The EU is facing many challenges. What do you see as the greatest challenges in common with Taiwan and how should they be addressed?
Like the rest of the world, the EU is facing geopolitical, environmental and economic challenges. Brexit is one of the big current challenges for the EU. Regardless of what happens in negotiations, if the UK leaves the EU, it will nevertheless remain a European country and the closest partner of the EU on many levels. A number of the challenges facing the EU are global challenges in common with Taiwan. Climate change is another challenge, but it is also an opportunity given that there is a whole set of issues concerning energy where the EU and Taiwan can cooperate. In particular, the EU's investments in wind farms, especially offshore wind farms, will transform Taiwan's energy sector. The latest numbers are impressive. The first large offshore wind farm, inaugurated in November, will produce 128MW of electricity, enough for 128,000 households per year.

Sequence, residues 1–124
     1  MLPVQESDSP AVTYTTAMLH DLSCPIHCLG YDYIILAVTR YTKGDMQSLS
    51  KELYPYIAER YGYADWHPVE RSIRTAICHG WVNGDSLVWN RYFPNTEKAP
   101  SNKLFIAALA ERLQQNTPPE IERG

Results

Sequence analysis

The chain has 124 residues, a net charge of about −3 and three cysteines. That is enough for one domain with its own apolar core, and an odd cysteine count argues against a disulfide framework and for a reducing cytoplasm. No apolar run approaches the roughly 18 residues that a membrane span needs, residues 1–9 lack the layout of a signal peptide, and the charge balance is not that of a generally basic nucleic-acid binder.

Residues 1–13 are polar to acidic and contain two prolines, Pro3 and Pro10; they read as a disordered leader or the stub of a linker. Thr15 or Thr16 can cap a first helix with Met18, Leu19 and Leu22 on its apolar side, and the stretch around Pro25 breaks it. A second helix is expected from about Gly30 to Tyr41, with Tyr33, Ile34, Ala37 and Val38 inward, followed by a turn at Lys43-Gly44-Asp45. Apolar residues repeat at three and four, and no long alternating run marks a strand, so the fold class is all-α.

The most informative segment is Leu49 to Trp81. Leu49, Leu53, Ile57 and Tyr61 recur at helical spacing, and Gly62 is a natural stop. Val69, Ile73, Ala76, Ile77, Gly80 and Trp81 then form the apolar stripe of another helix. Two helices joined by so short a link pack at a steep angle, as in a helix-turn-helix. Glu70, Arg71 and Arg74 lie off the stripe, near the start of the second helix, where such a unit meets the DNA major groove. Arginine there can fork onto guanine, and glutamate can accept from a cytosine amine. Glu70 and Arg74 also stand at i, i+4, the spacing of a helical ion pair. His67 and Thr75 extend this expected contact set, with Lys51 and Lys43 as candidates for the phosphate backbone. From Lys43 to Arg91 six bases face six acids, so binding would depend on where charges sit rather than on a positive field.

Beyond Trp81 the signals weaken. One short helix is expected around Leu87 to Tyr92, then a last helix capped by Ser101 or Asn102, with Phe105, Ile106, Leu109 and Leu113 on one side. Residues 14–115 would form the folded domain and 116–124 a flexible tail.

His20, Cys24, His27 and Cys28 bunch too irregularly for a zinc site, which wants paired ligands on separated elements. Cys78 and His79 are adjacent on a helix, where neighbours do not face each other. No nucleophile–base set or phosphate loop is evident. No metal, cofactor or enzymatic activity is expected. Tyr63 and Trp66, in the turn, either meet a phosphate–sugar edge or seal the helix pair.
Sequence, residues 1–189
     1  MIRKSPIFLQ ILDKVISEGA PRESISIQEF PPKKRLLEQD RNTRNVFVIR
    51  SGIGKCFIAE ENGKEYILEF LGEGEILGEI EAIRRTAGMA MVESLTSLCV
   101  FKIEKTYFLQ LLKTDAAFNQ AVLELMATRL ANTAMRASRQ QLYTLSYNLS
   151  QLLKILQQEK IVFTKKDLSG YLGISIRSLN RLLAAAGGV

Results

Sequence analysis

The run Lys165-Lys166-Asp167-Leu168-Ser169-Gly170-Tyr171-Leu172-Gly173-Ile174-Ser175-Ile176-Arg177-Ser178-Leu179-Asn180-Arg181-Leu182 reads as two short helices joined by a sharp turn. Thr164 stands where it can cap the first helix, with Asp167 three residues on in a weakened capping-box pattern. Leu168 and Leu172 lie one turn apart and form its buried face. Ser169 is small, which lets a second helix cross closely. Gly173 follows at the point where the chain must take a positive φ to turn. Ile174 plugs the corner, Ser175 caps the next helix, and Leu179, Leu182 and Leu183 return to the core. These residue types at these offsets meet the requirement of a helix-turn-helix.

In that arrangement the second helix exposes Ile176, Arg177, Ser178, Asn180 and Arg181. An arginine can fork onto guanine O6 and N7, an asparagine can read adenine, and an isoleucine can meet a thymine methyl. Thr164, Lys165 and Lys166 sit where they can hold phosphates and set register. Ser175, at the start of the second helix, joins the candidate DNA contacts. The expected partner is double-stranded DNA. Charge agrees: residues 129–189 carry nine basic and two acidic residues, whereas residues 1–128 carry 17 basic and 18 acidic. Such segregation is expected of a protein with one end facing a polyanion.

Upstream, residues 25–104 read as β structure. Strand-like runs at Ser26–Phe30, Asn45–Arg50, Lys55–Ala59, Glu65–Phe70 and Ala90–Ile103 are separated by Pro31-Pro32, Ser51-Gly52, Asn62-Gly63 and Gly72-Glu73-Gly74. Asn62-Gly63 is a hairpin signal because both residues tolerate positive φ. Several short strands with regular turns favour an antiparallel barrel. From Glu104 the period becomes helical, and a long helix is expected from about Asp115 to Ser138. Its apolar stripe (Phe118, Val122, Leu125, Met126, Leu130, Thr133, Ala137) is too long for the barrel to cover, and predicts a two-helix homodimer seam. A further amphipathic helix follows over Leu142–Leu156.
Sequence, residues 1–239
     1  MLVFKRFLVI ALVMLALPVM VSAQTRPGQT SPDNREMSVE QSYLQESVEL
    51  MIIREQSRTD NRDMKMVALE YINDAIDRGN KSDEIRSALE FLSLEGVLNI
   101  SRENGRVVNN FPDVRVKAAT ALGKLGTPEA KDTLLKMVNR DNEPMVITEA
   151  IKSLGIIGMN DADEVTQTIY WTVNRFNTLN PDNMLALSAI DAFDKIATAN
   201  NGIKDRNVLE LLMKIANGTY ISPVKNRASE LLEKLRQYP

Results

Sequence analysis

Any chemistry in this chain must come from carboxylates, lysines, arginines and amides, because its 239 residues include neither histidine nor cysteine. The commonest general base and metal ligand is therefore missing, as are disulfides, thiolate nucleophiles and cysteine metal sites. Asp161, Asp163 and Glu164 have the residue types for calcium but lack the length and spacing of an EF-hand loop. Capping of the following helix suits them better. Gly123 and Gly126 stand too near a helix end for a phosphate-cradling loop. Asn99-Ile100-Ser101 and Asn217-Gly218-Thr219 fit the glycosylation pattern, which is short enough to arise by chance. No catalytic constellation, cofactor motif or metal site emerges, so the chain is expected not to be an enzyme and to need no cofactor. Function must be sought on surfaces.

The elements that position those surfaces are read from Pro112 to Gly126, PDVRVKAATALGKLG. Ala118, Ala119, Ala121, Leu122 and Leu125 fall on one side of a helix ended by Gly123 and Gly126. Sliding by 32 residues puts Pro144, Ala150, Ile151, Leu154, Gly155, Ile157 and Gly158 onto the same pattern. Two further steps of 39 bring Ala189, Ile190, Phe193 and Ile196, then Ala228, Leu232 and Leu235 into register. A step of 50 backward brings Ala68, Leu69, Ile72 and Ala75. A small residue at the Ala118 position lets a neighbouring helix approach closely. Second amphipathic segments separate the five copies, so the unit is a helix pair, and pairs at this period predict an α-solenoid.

This is a concrete example and it is just the beginning given Taiwan's ambitious solar and wind energy targets of over 25GWs by 2025. The numbers become less abstract when you consider the business opportunities. Related to renewable energy is energy storage and smart grids opportunities. And just like wind energy, Europeans are leaders in these fields. By investing and operating in Taiwan, we also promote European international standards in Taiwan, which will have the knock-on benefit of promoting international standards beyond Taiwan as many companies use Taiwan as a spring board into the rest of Asia. As more of the supply chain becomes localized, this will also benefit the Taiwanese companies who partner with Europeans to explore business opportunities in the region.